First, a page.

On the flight back from a recent trip to the Bahamas, feeling refreshed and reenergized, I found myself thinking about how both employers and employees can maximize the benefits of vacation.
Americans are particularly bad about using our vacation time compared to residents of other countries. In fact, when summarizing research on the use of vacation time, journalist Tonya Mohn reports that "Americans left an average of 3.2 paid time off days unused in 2013, totaling 429 million unused days for U.S. workers." The reasons people report not using their vacation days vary from not feeling supported by management to being supported by management but feeling like they have too much work to piled up to take the time.
This is unfortunate because both the health and economic benefits of taking vacation time are well documented. Taking vacation time is associated with greater experience of positive emotions, lower depression and better health outcomes. In fact, Gump and Matthews report that in middle-aged men taking vacations is associated with lower mortality rates, especially from death due to coronary heart disease. Additionally, employees who are better rested and healthier are less likely to leave leading to reduced turnover.
Given the proven benefits of taking vacation time, maximizing these benefits should be on the minds of both employers and employees. Below I give some suggestions for increasing use of vacation time and for making the most of the time off.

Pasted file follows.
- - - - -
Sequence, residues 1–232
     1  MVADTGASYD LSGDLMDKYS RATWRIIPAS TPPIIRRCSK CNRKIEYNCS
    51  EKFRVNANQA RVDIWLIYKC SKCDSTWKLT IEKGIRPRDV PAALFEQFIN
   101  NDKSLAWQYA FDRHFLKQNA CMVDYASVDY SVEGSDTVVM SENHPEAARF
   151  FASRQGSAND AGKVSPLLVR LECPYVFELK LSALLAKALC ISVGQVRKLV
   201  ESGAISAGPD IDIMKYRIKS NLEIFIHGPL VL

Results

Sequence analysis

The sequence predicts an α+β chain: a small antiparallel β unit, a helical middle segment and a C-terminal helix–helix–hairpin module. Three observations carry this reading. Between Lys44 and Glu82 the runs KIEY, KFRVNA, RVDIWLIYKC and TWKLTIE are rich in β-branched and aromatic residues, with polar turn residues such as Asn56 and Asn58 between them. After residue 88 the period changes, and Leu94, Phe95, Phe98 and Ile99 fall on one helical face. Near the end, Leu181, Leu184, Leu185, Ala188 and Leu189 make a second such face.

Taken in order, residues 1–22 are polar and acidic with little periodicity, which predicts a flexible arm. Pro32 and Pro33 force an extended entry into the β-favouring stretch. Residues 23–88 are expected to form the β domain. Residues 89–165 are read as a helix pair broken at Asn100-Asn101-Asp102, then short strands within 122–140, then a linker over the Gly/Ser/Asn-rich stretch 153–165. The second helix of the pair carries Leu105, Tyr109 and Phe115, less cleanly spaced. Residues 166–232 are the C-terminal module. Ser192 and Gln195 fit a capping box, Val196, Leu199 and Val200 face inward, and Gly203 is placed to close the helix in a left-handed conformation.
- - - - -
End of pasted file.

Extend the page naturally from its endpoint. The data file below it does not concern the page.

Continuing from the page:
What Employers Can Do
Make sure employees are aware of vacation policies and encourage them to use their vacation time. You may even wish to provide access to travel agencies or vacation planning sites.
Offer a vacation stipend for those who use their vacation time. CNN reports that a benefits survey conducted by the Society for Human Resource Management found that around 3% of companies offer their employees a stipend to offset the cost of vacation when they use their vacation time. This perk will encourage employees to plan trips and make the most of their vacation benefits.
Encourage employees to plan ahead and let others know in advance when they'll be gone so that any major work can be finished before hand. Also encourage groups to have a plan of action for handling new work or work hiccups when someone is out on vacation to keep interruptions to the vacationer to a minimum.
What Employees Can Do
Plan ahead! Give advance notice to your group and manager so that you can plan a smooth transition leading up to your time away. Realize that you will never really feel like there is a good time to take a vacation, but go anyway! You will be a better employee after you've had time to relax and enjoy yourself.
Set expectations before you go. Let your coworkers and manager know when you will and will not be available, as well as how hot the fire has to be before you should be contacted to help put it out! Everyone has a different comfort level for being disconnected from the office. Very conscientious employees may only feel comfortable leaving if they are able to receive regular updates. Others may only feel truly rejuvenated if they able to drop off the grid for a week or two. Decide what works for your personality and set clear expectations.
Return rested and ready to work with fun stories to share and encourage others to do the same!